Freedom bought the terminal from Etowah River Terminal LLC, a company that Freedom formed the purpose of buying the terminal site, according to a 2005 court filing. State records show the former president of Freedom Industries was listed as the manager of Etowah.

A spokeswoman for Gov. Earl Ray Tomblin did not answer a phone call for comment.

Join the discussion

1000|Char. 1000  Char.
STARMAN January 18 2014 at 12:19 PM

Company president Gary Southern should be in jail. Why is he walking around?

Flag Reply +1 rate up
rockin cain January 18 2014 at 2:51 PM

I'd rather put people out of a job, than into a coffin.

Flag Reply +1 rate up
rockin cain January 18 2014 at 2:48 PM

If it wasn't for the people ,they would have never fessed up to it.

Flag Reply +1 rate up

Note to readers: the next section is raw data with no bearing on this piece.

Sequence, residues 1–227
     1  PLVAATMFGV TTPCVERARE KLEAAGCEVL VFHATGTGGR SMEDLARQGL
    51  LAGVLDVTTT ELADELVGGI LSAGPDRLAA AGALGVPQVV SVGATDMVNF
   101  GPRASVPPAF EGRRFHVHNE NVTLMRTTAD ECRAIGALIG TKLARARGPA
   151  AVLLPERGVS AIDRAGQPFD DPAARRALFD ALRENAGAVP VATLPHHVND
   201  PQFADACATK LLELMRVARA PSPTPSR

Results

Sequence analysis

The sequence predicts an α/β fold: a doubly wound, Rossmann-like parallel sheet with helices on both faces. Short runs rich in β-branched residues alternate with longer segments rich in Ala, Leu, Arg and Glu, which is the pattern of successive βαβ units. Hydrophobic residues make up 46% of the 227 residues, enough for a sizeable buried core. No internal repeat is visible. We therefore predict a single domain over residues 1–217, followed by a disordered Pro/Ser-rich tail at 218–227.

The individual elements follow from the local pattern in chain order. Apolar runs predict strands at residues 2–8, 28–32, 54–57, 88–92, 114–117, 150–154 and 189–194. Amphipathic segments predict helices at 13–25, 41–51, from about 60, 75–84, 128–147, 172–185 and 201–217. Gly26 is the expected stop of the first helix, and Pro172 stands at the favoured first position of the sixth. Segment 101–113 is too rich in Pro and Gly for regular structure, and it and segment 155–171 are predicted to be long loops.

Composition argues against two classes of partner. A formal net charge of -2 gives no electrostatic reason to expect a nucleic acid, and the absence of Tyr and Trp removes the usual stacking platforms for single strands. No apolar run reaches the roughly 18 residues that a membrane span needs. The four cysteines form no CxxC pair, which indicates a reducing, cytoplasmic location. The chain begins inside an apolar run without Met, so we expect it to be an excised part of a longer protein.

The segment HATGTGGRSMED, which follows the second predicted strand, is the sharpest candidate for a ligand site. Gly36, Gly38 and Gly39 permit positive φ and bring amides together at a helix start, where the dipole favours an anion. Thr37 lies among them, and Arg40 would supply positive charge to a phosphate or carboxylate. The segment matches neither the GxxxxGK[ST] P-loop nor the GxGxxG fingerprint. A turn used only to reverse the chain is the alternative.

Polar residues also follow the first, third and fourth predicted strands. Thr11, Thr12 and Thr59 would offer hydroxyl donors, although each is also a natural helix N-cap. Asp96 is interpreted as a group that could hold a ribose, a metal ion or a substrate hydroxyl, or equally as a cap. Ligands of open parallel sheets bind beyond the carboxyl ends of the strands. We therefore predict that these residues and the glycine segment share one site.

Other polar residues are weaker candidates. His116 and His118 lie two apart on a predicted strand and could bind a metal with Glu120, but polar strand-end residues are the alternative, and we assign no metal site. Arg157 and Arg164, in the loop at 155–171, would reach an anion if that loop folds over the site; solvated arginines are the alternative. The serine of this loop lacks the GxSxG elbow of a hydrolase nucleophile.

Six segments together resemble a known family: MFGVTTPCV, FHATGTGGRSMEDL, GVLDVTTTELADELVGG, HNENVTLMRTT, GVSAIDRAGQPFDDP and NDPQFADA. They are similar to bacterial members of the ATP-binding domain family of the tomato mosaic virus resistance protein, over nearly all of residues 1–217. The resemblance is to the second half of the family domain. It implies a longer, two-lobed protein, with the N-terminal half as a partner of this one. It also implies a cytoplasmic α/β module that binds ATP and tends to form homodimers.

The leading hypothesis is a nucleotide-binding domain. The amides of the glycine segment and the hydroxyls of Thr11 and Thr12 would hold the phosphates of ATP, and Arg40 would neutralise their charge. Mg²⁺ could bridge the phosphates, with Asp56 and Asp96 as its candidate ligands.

cvanac8550 January 18 2014 at 2:36 PM

Ok a bill requiring state inspections..great ...only that the first thing that will be cut when the states trim their budget will be funding for these inspections.....and don't you think the polititions who sponcered the bill know it.......yeah we are all getting hip to their game in Washington.....

Flag Reply +1 rate up
gdloops18 January 18 2014 at 10:19 AM

State prosecutors should follow where the MONEY went, before they filed for bankruptcy, then FREEZE it. Meantime, put in 'blanket' claims against Freedom Industries Insurance for the People of W.Va., to help offset the pain and suffering due to come.